6. Bringing the above findings together, with experts in the fields of standard care, acupuncture and trial design, in a consensus conference event to finalise the design, interventions, sample size, outcome measures and operational aspects (recruitment methods, participant information and consent procedures, randomisation and allocation concealment) of the main EASE BACK trial.
If the feasibility and pilot study shows that acupuncture treatments are felt to be acceptable to these women and health professionals, that our methods for identifying and recruiting eligible women and of assessing their symptoms and responses to treatment are acceptable, and that sufficient proportions of women agree to participate in a trial, then we will have confidence that a future main trial will be achievable in the NHS. The outcome of the feasibility and pilot study will therefore be a clear plan for the main EASE BACK trial that can be submitted for funding.
More details can be found at: https://www.journalslibrary.nihr.ac.uk/programmes/hta/106905/#/
NRES Committee North West, ref: 12/NW/0227
Feasibility study using survey and focus group or one to one interviews, plus a single centre pilot randomised controlled trial
Primary study design
Secondary study design
Randomised controlled trial
Patient information sheet
Not available in web format, please use the contact details to request a patient information sheet
Pregnancy-related back pain
1. Standard Care (SC):
A written package of education and advice about self-management plus onward referral, if necessary, for physiotherapy as per usual care.
2. Standard Care (SC) plus True Acupuncture:
The same advice and education package will be provided to women randomised to SC plus true acupuncture, delivered by fully trained NHS physiotherapists over 8 to 10 treatment sessions.
3. Standard Care (SC) plus Non-Penetrating Acupuncture:
This will be the same as SC plus true acupuncture, however, instead of acupuncture needles that penetrate the skin, sham acupuncture needles will be used. These look exactly like a real needle but have a blunted tip, and is tapped onto the skin, held in place by an O ring, and gives the illusion of needle insertion.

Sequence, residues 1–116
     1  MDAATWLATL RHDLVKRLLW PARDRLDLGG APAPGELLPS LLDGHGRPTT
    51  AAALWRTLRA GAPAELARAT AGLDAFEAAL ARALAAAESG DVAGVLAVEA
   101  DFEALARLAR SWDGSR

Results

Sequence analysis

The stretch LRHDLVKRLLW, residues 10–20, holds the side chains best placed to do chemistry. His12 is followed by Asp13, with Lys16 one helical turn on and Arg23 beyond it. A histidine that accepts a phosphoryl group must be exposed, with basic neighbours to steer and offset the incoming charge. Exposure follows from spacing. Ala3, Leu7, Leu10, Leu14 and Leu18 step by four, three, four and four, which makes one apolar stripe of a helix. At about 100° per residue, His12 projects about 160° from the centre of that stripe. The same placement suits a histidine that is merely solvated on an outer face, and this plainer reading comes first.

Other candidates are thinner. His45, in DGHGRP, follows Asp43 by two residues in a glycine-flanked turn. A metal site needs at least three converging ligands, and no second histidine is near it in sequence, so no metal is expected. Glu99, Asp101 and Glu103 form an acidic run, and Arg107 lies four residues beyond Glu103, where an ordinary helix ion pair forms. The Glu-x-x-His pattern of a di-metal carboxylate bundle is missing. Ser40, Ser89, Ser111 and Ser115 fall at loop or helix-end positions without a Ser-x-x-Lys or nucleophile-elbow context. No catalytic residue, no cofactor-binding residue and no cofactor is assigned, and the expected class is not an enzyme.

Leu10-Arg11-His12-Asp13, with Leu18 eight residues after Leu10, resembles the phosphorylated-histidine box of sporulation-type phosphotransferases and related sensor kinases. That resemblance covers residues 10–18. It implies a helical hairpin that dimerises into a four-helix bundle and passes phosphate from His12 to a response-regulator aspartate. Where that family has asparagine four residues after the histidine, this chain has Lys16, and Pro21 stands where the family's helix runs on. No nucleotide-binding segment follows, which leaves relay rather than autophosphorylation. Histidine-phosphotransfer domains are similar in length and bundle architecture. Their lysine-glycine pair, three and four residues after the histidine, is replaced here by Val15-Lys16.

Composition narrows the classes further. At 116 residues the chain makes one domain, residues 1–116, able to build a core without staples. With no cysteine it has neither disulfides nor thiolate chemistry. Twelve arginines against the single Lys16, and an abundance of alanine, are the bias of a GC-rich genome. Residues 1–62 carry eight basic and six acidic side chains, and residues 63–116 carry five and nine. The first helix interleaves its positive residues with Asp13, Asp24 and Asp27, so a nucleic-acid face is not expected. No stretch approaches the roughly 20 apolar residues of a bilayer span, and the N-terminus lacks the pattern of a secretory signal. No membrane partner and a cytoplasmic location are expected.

Primary outcome measure
1. Pain severity, measured by a pain index (mean of three numerical rating scales (NRS) of least, usual and current pain)
2. Disability, measured by the Oswestry Disability Index and the Disability Rating Index, at baseline and at no later than 12 weeks after randomisation (this will be informed by qualitative research with women)
Secondary outcome measures
1. Worst pain before going to bed
2. Ability to sleep through the night
3. Pain location
4. Global rating of change
5. Pain in other bodily regions
7. Satisfaction with work
8. Work loss
9. Quality of life
10. Health care utilisation since baseline
11. Treatment credibility
12. Satisfaction with care
13. Satisfaction with outcomes and adverse events
Overall trial start date
Overall trial end date
Reason abandoned (if study stopped)
Participant inclusion criteria
1. Healthy women with pregnancy-related back pain (with or without pelvic PGP) as determined by their self-reported pain location on a pain drawing/body chart
2. Aged 18 years and over
3. At 13 to 31 weeks gestation
4. Naïve to acupuncture treatment
5. Able to communicate in English (to complete the baseline and outcome assessments)
6. Willing to participate
Women who have had low back pain episodes before this pregnancy are suitable for inclusion as long as the current episode of low back pain is attributed to this pregnancy.
Target number of participants
Participant exclusion criteria
1. Women who have had acupuncture previously for any health problem
2. Those at high risk of pre-term labour (previous pre-term labour, multiple pregnancies, polyhydramnios, pre-term ruptured membranes)
3. Those with diagnosed pre-eclampsia
4. Previous history of surgery to the spine or the pelvis
5. Women who have contra-indications to any of the treatments (coagulation problems, haemophilia or bleeding disorders)
6. Those at increased risk of infection such as skin infections or loss of skin integrity from burns or
ulcerations at the site of needling)
7. Those with needle phobia
8. Those with pelvic girdle pain (PGP) or pubic symphysis pain
Recruitment start date
Recruitment end date
Countries of recruitment
Trial participating centre
Keele University (UK)
c/o Ms Rhian Hughes
Arthritis Research UK Primary Care Centre
Health Technology Assessment Programme
NIHR Health Technology Assessment Programme, HTA
Funding Body Type
Funding Body Subtype
Results and Publications
Publication and dissemination plan
Not provided at time of registration
Intention to publish date
Participant level data
Not provided at time of registration
Basic results (scientific)